Movie trilogies typically get a much lower rating for their second movie as it’s a middle-child about simply continuing the story from the first one and setting up the stakes for the finale. In games, though this isn’t always quite the case, especially as they aren’t necessarily planned to be trilogies in the first place. Usually everybody designs first release games as stand-alone packages that wrap up entirely on their own. While it’s true that new features and improvements in tech can definitely follow in sequels, writers don’t get the same luxury as they give away their big payoffs at the end of the title they believed may not come back for a second or even third run. This kind of problem painfully rears its head in Shadow of the Tomb Raider.
This final installment for Square-Enix’s Tomb Raider trilogy ideally would show us how Lara Croft became the legendary Tomb Raider we came to know during the PS1 era. The problem being that the first one already did that, so how did they fix that and how well did they do it? Will an Indiana Jones -style adventure fix the issue? Let’s find out.
Production (4.4 / 5)
Shadow of the Tomb Raider on the PlayStation 4, in general, looks great. The maps and backgrounds really put you into the setting of every major area. Perhaps one of the negative is how easy it is to get lost in these rather large areas to explore. Which is a surprise when there’s not much But it’s rarely boring to explore anything. While I prefer the model in the first game, the new Lara Croft is still good to look at and carries the animations the character has to do very well. It’s a bit of a shame that the expressions don’t seem to vary much, it’s not carried in her animations and while her face looks great, doesn’t exaggerate enough to portray the emotions she goes through in the course of the story. It’s not really helped by how she talks about everything in generally the same tone; this generally worried and slightly hurried voice makes me think that everything isn’t really all that bad despite the fate of the known world being at stake.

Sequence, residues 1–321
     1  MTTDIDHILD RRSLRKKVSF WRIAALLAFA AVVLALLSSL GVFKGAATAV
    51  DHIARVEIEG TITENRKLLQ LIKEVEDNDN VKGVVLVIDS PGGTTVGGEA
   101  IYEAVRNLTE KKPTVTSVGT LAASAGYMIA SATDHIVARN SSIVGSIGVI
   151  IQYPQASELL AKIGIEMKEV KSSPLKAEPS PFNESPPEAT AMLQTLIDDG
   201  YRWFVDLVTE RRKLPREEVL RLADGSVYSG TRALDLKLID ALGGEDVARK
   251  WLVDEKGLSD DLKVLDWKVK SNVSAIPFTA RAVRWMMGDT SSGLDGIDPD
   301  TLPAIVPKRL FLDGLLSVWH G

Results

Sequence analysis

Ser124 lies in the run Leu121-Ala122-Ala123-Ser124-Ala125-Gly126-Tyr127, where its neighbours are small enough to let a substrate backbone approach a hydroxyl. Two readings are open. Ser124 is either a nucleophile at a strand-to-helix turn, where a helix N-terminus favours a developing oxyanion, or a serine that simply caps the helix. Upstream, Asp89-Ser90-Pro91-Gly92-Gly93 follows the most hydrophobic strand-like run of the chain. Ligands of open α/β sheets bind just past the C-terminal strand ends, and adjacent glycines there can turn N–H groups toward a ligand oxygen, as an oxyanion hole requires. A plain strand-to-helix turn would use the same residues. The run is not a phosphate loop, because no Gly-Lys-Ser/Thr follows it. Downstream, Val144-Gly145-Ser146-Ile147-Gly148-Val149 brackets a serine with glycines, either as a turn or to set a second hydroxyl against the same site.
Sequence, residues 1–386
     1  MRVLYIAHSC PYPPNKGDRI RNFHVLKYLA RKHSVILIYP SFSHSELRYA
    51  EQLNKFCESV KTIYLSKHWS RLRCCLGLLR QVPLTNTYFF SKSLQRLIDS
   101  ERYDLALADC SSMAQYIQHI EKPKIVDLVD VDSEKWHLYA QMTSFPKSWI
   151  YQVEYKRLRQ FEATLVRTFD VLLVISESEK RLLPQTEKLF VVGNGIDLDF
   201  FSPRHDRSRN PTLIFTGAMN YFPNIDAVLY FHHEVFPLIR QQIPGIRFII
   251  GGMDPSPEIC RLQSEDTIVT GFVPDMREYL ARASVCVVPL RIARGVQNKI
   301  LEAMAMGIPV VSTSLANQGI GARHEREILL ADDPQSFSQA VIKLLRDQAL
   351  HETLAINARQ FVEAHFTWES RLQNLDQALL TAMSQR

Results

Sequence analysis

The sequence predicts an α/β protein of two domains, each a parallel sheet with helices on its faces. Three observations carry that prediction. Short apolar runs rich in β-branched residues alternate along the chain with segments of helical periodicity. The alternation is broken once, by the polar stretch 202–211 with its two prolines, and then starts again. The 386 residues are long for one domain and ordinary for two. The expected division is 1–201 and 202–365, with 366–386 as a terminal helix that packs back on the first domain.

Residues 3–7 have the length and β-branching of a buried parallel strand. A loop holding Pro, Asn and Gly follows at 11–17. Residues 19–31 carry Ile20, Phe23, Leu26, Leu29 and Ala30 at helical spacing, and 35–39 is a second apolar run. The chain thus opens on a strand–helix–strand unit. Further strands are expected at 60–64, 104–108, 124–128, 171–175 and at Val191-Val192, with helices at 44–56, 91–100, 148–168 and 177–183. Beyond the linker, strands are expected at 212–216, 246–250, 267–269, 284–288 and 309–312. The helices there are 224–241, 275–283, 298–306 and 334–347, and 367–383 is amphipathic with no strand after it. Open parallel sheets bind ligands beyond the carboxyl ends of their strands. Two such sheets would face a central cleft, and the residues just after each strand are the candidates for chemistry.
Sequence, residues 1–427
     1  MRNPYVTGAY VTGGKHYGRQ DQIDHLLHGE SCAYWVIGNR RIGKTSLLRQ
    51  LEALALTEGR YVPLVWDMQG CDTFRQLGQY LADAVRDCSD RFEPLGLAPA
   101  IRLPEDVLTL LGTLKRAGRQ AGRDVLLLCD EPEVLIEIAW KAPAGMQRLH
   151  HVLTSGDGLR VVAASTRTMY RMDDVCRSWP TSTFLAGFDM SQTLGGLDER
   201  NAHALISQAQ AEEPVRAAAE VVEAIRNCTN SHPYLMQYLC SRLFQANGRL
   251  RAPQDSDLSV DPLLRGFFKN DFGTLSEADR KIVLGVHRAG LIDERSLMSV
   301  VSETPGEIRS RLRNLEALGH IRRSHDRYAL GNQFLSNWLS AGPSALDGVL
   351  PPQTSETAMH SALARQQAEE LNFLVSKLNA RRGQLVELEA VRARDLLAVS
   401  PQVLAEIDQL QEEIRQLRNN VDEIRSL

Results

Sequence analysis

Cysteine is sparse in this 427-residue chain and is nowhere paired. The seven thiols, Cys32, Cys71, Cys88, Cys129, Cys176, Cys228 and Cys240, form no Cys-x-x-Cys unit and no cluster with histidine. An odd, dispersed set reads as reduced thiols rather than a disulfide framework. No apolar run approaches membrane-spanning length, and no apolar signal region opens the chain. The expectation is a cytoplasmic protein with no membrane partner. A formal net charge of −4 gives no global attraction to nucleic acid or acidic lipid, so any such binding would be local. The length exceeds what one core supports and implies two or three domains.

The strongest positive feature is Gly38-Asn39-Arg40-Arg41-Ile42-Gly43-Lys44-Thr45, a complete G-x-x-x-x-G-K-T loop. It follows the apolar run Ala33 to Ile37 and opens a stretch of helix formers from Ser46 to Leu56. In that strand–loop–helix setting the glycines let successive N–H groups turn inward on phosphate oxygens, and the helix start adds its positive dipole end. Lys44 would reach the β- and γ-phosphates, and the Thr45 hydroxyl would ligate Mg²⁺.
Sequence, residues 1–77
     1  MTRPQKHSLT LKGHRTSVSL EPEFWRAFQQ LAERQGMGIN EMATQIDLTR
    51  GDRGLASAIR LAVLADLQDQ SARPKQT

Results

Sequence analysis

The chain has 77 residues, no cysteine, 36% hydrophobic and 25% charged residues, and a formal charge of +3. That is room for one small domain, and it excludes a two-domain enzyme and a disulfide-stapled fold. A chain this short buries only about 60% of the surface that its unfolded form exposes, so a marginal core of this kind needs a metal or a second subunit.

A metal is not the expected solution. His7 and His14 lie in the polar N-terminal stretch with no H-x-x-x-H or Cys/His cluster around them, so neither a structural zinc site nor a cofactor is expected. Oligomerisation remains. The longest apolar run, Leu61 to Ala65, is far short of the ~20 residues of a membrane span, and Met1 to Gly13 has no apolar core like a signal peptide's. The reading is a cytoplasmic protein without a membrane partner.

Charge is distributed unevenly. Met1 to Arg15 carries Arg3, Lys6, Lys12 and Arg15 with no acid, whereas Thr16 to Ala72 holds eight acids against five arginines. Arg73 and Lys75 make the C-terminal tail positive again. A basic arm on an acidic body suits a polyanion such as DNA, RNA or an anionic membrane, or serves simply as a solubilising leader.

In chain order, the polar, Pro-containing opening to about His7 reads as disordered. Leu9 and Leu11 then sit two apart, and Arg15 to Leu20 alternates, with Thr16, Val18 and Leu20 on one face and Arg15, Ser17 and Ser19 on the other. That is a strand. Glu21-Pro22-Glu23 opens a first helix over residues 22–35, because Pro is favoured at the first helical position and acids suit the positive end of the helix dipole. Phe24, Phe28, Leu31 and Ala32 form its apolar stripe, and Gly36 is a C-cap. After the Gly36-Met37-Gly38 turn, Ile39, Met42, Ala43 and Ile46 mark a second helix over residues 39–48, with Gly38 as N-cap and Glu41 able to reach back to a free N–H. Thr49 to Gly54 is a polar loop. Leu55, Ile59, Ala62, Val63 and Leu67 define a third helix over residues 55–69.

The issue of voice acting continues to sting a little as the accents of both Lara and some other characters would sometimes suddenly break and it ruins your suspension of disbelief. The other side of the sound, the music, helps the game look better. It’s not too pervasive and generally matches the environment, wherever it may be. It’s a lot like the music you might hear in Metal Gear Solid 3, so it makes sneaking and exploring quite engaging.
Visual cues and most of the UI in the game is very easy to understand, and helps on making the constant switch between exploration, sneaking, platforming, and combat easy. Though it does come off as a little too much hand-holding sometimes, but it didn’t really bother me too much, personally.
Mechanics (3.8 / 5)
This title stays true to how older Tomb Raider games are with regards to combat. It’s awful. It would have been cool if by now Lara would have discarded the bow and put an end to this trend about it, but she hasn’t and it’s probably one of your most used weapons in the game. You also get eventual access to a knife, a rifle, a shotgun and a handgun. By the way, melee is basically useless, it might as well not exist.
Combat only starts becoming palatable if you dope up with either extra reflexes or defense, something you don’t naturally want to rely on. And doing them in combination makes most combat situations a breeze, so it’s either too hard or too easy depending on what you do.
Stealth appears to be a far more reliable and engaging option, but limited capabilities to survey an area makes it difficult to plan around taking out a search party and simply slipping past them isn’t always an option. Fortunately this blends well with the platforming abilities Shadow of the Tomb Raider features. Prowling around grass, hiding in areas unseen, gives the effect that you’re playing the role of a hunter taking them down one by one.
Honestly, platforming is where this game shows off as it presents several ways of traversing areas in creative and exciting ways. Jumping onto platforms, sliding up and down ropeways, clinging onto walls and even overhangs are pretty fun especially when mixed up with puzzles or action sequences. Being put to the test during chase scenes are probably one of the better highlights of the entire play session.